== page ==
This seminar would be designed with both face-to-face and hybrid components.
In the face-to-face sections of class, we would be engaged in small- and whole-group conversations about articles, chapters, books, videos, and other pieces of scholarship related to digital identity; we would also be examining case studies of digital literacy practices considering current professional standards (such as the ACRL Information Literacy Framework); and, ultimately, we would be producing students’ initial online portfolio using a social networking tool such as About.me or LinkedIn.
In the hybrid/online sections of class, we would be exploring a variety of digital tools to help students develop personal, professional, and academic skills including, for instance: shared document collaboration (Google Docs, Microsoft Office 365), bibliographic management (Zotero, Mendely, Endnote), presentation and publication (Infogr.am, Atavist, Adobe Creative Suite), and workplace communication (Slack, Yammer). We might also involve students from outside of CMU as part of our inquiry.
Across both the face-to-face and hybrid meetings, we would also be using our time to reflect upon the experience of being engaged in these various exercises with specific tools. In short, we would be metacognitive, critically thinking about our use of digital devices and social practices.
I welcome thoughts, comments, and questions… as well as knowing if anyone else with students from upper elementary school through graduate school would be interested in collaborating on this course to make it an open, immersive experience for everyone involved. If it gets accepted, I will put the call out there again in the spring, but I would be happy to hear from interested educators at any point.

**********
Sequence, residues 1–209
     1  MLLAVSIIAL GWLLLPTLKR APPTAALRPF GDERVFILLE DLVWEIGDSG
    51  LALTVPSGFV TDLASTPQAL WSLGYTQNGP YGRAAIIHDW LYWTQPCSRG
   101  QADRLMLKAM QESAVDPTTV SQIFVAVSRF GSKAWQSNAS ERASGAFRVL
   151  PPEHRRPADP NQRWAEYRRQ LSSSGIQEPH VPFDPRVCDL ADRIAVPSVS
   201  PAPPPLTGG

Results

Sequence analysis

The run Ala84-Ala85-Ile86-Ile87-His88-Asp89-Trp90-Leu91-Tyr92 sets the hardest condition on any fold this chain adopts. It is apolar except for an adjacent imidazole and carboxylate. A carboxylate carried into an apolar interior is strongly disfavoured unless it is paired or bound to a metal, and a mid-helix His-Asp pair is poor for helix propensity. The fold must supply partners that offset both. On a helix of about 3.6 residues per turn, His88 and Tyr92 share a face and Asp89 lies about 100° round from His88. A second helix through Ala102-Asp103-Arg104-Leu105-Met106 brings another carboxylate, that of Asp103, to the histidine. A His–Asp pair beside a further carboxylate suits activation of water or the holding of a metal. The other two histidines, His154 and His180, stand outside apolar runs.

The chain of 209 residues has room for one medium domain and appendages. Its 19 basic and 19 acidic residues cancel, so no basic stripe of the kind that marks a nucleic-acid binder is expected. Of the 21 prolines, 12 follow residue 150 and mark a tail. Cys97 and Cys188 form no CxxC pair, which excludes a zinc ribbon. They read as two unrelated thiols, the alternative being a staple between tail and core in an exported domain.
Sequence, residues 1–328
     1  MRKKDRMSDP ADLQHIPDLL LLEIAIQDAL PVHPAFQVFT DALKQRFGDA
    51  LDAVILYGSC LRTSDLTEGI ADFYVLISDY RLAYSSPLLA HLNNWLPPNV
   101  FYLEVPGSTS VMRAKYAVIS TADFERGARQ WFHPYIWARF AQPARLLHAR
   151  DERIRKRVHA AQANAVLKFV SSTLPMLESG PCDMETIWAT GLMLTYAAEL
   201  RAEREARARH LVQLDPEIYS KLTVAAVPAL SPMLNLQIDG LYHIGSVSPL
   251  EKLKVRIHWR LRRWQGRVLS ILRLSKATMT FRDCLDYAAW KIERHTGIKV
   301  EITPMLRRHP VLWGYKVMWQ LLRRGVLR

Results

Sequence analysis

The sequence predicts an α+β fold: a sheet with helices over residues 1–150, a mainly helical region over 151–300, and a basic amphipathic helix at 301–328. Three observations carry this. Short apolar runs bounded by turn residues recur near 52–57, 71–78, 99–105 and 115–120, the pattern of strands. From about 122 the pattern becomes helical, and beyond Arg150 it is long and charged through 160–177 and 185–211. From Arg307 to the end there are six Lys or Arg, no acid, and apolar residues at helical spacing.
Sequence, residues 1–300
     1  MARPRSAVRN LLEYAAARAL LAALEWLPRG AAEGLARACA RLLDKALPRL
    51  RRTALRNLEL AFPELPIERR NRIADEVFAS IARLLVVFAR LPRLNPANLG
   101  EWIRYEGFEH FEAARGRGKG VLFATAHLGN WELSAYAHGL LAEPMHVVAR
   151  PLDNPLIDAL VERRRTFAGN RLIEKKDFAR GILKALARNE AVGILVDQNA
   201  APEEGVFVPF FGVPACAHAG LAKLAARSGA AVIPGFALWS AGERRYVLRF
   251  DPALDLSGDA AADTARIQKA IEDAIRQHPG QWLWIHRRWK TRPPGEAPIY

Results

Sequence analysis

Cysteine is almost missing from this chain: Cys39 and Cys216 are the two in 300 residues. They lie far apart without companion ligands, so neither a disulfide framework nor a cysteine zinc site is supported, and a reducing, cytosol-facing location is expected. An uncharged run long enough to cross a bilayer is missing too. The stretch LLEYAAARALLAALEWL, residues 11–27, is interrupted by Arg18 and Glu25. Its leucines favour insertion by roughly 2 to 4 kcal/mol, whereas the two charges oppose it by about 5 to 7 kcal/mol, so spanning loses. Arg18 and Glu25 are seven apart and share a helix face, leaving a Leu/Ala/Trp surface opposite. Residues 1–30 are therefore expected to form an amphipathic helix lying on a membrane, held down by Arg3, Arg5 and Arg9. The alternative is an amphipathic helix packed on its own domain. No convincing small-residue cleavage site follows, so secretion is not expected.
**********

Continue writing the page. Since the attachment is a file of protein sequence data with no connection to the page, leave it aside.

As I continue to move forward in my career, I need to think about the ways in which sites like ACI, ORCID, and others work, I am curious to know more about the advantages and disadvantages of such systems. These systems appear to create a public profile for a scholar that then allow users to then follow links into official databases.
On the other hand, there are sites like Academi.edu and ResearchGate, which have received some criticisms such as this from the Chronicle’s Vitae blog and this one from The Scholarly Kitchen. The main point is that they ask scholars to upload PDFs of their work (sometimes without appropriate copyright permissions) and then they connect those articles with other analytics for ads.
So, each year around this time when I have to update my CV and enter my own work into CMU’s faculty records database (we use a site called OFIS), I wonder if there isn’t a better (more efficient, more connected, more useful, more public, more open…) way to do this work. It leaves me with lots of questions:
What does it mean to be a public intellectual today?
“Where” is “public?” Also, “how,” “when,” and “what” is public? To whom?
Should I just focus my energy on one of these systems/sites? Or, do I need to keep doing more with each?
What does this all mean for open education?